Image by Alachua County on Flickr.
The county’s Office of Consumer Protection is investigating two scams recently reported to the office, according to Director Eric Friedman.
The more serious of the two is a variation of a water quality scam that’s been seen in the past, while the other is a Pepco billing scam.
“The door-to-door water purification scam is something that’s been around before,” Friedman said, “but is apparently going on currently in which door-to-door sales people that may or may not be properly licensed are going door-to-door purporting to be conducting some type of water test.”
Some of these scammers are impersonating officials from the Environment Protection Agency or claim to be working on the EPA’s behalf, he said, sometimes leaving door hangers with a tube and instructions to fill it for the test.
“Consumers report they are then told there are multiple things wrong with the consumer’s water and for safety or for health . . . they should purchase some type of water purification system,” Friedman said.
The representatives then offer to sell a system to the consumer for as much as $7,500.
The office is working with the EPA, which is concerned about any misrepresentation, he said.
“It appears to some extent the scams are targeting Spanish-speaking consumers,” Friedman continued. “So we’re in the information-gathering stage. We’d like to hear back from any consumers if they are familiar with this, if they’ve received such a knock on the door or a door hanger.”
There’s nothing inherently illegal about selling these systems, he said, but misrepresenting any affiliation with a government agency would violate county, state and federal laws, as would misrepresenting test results or anything else that misleads consumers about their water quality.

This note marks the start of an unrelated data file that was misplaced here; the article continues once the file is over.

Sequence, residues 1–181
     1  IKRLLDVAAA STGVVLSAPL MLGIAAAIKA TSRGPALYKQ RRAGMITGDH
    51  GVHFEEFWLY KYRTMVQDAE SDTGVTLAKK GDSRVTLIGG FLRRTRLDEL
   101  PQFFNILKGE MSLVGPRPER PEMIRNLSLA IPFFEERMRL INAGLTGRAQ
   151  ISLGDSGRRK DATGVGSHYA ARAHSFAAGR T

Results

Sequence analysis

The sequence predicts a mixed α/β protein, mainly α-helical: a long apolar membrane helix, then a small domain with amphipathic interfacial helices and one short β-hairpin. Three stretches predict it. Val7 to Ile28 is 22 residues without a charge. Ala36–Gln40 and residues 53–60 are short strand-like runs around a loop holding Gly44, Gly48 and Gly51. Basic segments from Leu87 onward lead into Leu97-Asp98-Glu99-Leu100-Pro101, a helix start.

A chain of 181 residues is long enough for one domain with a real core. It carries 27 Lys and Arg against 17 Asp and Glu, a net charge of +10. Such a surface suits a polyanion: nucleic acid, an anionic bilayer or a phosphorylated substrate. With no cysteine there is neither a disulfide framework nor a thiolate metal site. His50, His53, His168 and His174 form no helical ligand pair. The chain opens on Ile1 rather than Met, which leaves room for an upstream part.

“Right now, we are just working with the EPA to gather information, investigate and see what action appears to be appropriate,” Friedman said.
The Pepco alert comes from a single consumer complaint, he said.
“They received a telephone call from someone who said his name was Greg Miller, represented that he was collecting on behalf of Pepco, that money was due on an electric bill and if it wasn’t paid promptly, the electricity would be turned off,” Friedman said.
The homeowner was given a call-back number and then was told to buy a prepaid Green Dot card and send the payment to a phone number.
“Our concern is, number one, this is not Pepco. It’s an impersonator. Pepco doesn’t collect their bills that way,” he said.
Once money is wired on a prepaid card, it’s like giving someone cash and it’s “virtually impossible” to trace or recover the funds, Friedman said.
While the Pepco scam targeted just one consumer as far as the office knows, Friedman said they’ve heard from about a dozen people who’ve been approached with the water quality scam.
Residents who experience one of these scams, or know anything about them, can report the information to [email protected] or call the office’s anonymous tip line at 240.777.3681.
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